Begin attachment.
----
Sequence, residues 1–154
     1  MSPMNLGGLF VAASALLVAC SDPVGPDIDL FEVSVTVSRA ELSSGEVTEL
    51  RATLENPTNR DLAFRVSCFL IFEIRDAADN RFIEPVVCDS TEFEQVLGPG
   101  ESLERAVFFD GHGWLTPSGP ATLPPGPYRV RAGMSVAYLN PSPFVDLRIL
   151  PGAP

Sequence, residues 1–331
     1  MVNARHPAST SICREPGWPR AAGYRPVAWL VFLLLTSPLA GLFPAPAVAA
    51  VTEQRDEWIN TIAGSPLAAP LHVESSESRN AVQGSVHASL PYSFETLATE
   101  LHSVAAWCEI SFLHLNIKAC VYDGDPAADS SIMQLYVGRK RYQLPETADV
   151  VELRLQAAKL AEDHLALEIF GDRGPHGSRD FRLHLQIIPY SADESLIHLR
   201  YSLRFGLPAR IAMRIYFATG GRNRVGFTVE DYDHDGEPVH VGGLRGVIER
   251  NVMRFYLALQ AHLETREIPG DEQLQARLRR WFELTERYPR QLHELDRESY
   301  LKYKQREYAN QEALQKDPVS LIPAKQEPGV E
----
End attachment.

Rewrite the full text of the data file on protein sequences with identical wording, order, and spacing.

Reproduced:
Sequence, residues 1–154
     1  MSPMNLGGLF VAASALLVAC SDPVGPDIDL FEVSVTVSRA ELSSGEVTEL
    51  RATLENPTNR DLAFRVSCFL IFEIRDAADN RFIEPVVCDS TEFEQVLGPG
   101  ESLERAVFFD GHGWLTPSGP ATLPPGPYRV RAGMSVAYLN PSPFVDLRIL
   151  PGAP

Sequence, residues 1–331
     1  MVNARHPAST SICREPGWPR AAGYRPVAWL VFLLLTSPLA GLFPAPAVAA
    51  VTEQRDEWIN TIAGSPLAAP LHVESSESRN AVQGSVHASL PYSFETLATE
   101  LHSVAAWCEI SFLHLNIKAC VYDGDPAADS SIMQLYVGRK RYQLPETADV
   151  VELRLQAAKL AEDHLALEIF GDRGPHGSRD FRLHLQIIPY SADESLIHLR
   201  YSLRFGLPAR IAMRIYFATG GRNRVGFTVE DYDHDGEPVH VGGLRGVIER
   251  NVMRFYLALQ AHLETREIPG DEQLQARLRR WFELTERYPR QLHELDRESY
   301  LKYKQREYAN QEALQKDPVS LIPAKQEPGV E